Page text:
A disturbance in the room makes us both hold our breath. A sound, a scraping, perhaps a drag. Or was it a step?
“I heard something” Abby whispers.
“Shhh. I heard it too.” I whisper, even quieter.
The air under the blanket is close, moist from our exhalations. We crouch low on the couch, not moving, both of us holding the thick cloth over our heads.
“What is it?” I ask.
“A monster.” Abigail whispers. Then, “Lets look.”
We bring the blanket down slowly, the cool air stirs my hair, fans my forehead, is a relief. My eyes take in the empty living-room and kitchen.
“I don’t see it…” I whisper.
“There it is!” She says, and we yank the blanket over our heads as quickly as we can.
Later, I convince her that it’s gone, and as we lounge against the cushions looking at the ceiling she says, “Look daddy, fireworks!”
I say, “Yes! And they’re in different shapes. What’s that one?”
“A princess!” she says.
A few minutes into the imaginary fireworks display which is taking place somewhere near the ceiling I hear her say, “The monster is back.”
“What’s it doing?” I ask.
“It’s eating the fireworks!”
“Oh no! Tell it to stop! Tell it we like the fireworks, and when it eats them, we can’t see them anymore. Tell it that this makes us sad. I’m sure it doesn’t want to make us sad.”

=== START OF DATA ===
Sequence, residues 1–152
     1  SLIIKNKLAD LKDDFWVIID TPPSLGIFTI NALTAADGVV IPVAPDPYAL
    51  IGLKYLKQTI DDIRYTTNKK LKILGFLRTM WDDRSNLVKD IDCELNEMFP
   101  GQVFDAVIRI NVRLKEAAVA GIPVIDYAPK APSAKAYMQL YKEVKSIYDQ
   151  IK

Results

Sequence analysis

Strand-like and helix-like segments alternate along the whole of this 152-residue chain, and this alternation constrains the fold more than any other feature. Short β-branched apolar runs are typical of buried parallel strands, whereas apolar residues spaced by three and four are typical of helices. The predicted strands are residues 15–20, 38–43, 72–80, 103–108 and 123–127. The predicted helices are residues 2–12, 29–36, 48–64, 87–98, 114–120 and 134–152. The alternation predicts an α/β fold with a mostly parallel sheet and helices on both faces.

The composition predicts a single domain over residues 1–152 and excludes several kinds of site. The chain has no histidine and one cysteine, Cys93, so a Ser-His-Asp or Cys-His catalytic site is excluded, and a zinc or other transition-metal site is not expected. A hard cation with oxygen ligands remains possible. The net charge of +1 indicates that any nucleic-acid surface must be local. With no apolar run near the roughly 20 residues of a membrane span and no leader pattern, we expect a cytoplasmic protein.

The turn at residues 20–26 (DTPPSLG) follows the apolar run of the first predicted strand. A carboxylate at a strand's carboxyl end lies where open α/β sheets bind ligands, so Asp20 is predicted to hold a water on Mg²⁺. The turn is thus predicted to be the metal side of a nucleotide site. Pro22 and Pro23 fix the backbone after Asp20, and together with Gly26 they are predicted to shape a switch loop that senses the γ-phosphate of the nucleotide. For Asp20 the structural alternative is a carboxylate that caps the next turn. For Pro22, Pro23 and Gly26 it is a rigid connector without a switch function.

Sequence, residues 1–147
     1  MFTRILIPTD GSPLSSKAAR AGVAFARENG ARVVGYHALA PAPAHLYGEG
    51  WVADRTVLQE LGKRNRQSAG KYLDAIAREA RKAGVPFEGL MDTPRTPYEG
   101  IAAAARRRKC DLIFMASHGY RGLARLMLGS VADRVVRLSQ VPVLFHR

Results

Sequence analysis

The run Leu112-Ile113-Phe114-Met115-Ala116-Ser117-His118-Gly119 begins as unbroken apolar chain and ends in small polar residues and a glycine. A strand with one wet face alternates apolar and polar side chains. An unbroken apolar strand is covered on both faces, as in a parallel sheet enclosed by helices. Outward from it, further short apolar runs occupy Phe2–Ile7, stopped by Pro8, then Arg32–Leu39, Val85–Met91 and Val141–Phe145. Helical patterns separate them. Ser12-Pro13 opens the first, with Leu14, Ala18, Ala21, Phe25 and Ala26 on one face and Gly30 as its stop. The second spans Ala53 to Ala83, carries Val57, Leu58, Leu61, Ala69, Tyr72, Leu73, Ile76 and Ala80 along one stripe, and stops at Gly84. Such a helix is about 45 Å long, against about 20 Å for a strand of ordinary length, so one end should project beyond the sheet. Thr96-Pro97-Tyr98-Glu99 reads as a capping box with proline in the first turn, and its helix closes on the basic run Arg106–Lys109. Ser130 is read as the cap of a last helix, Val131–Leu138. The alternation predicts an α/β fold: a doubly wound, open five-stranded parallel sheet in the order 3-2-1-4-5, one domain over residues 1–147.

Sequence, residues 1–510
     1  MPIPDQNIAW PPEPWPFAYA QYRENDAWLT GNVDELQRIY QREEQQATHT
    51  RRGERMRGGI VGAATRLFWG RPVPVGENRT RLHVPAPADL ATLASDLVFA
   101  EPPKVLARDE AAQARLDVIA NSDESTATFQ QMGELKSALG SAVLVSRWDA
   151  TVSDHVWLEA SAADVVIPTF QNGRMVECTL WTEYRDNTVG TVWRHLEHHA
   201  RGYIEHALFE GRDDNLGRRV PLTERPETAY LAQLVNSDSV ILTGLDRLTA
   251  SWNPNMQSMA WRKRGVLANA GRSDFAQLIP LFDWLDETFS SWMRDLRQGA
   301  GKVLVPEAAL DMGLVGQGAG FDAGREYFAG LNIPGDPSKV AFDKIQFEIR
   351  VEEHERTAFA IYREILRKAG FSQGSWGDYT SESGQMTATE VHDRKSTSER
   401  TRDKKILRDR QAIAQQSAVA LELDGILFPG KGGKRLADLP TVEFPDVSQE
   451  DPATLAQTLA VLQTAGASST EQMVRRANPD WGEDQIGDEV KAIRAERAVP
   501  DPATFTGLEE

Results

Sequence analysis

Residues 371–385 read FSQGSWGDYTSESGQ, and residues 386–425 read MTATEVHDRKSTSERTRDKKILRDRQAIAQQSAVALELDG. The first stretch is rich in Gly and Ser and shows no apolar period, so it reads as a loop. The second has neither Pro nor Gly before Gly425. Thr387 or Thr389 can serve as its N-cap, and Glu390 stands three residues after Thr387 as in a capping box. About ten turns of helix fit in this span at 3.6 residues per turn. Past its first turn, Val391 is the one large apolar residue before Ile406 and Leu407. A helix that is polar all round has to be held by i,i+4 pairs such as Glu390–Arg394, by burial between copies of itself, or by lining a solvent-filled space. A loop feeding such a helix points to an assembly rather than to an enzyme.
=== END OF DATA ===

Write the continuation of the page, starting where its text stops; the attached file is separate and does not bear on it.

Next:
And she does. And luckily, the fireworks eating monster which we have created sympathizes with us, and spits the fireworks out. We thank it, and offer suggestions about other things it might eat, instead of our lovely fireworks, and it goes away.
The first rule of improv is, say “yes, and”. If you’re working with someone to create a scene out of thin air, out of imagination, you mustn’t sabotage this work. Disagreeing with them blocks the scene, and the action, and causes things to sort of fall apart, so when they present some new aspect of the story you’re sharing, agree with it, and then add something of your own. Say, “yes, and…”.
When Abby says, “There’s an elephant in that tree!” any reasonable person could say “Elephants don’t live in trees, you silly goose.” I recommend that we, as parents, stop being reasonable. Maybe it’s more important to uplift our children’s wild, rampant, dangerous imaginations, than it is to make sure that they understand the physical limitations imposed on elephants, by gravity.
“Yes, and it’s drinking a milkshake!” is a suitable answer, or maybe “Yes, and it’s teaching the baby birds how to fly!” Embrace the power of “Yes, and.” Play with your children, and help them create fantastic worlds, so that when they’re adults, they’ll know that there’s so much more to our world than what our eyes tell us.
“Everybody has a secret world inside of them. All of the people of the world, I mean everybody. No matter how dull and boring they are on the outside, inside them they’ve all got unimaginable, magnificent, wonderful, stupid, amazing worlds. Not just one world. Hundreds of them. Thousands maybe.”
(Kate was asleep. I know you were wondering. I’m sure she was dreaming about something incredible.)